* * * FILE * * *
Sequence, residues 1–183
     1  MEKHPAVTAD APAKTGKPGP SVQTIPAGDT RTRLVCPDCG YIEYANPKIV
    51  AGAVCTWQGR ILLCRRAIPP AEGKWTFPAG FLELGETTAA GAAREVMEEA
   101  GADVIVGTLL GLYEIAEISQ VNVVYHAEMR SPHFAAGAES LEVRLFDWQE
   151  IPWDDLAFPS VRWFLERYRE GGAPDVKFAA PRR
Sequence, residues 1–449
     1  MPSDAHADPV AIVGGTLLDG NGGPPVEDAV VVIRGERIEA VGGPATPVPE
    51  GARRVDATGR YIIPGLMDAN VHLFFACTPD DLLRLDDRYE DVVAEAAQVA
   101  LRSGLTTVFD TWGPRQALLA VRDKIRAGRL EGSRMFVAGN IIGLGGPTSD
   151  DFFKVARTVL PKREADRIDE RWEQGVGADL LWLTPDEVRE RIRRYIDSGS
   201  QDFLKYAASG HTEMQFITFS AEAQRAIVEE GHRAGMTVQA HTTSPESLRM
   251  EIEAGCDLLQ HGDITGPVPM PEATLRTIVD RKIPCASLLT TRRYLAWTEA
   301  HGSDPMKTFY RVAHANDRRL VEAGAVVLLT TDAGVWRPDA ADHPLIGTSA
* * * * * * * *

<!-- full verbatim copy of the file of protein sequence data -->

Sequence, residues 1–183
     1  MEKHPAVTAD APAKTGKPGP SVQTIPAGDT RTRLVCPDCG YIEYANPKIV
    51  AGAVCTWQGR ILLCRRAIPP AEGKWTFPAG FLELGETTAA GAAREVMEEA
   101  GADVIVGTLL GLYEIAEISQ VNVVYHAEMR SPHFAAGAES LEVRLFDWQE
   151  IPWDDLAFPS VRWFLERYRE GGAPDVKFAA PRR
Sequence, residues 1–449
     1  MPSDAHADPV AIVGGTLLDG NGGPPVEDAV VVIRGERIEA VGGPATPVPE
    51  GARRVDATGR YIIPGLMDAN VHLFFACTPD DLLRLDDRYE DVVAEAAQVA
   101  LRSGLTTVFD TWGPRQALLA VRDKIRAGRL EGSRMFVAGN IIGLGGPTSD
   151  DFFKVARTVL PKREADRIDE RWEQGVGADL LWLTPDEVRE RIRRYIDSGS
   201  QDFLKYAASG HTEMQFITFS AEAQRAIVEE GHRAGMTVQA HTTSPESLRM
   251  EIEAGCDLLQ HGDITGPVPM PEATLRTIVD RKIPCASLLT TRRYLAWTEA
   301  HGSDPMKTFY RVAHANDRRL VEAGAVVLLT TDAGVWRPDA ADHPLIGTSA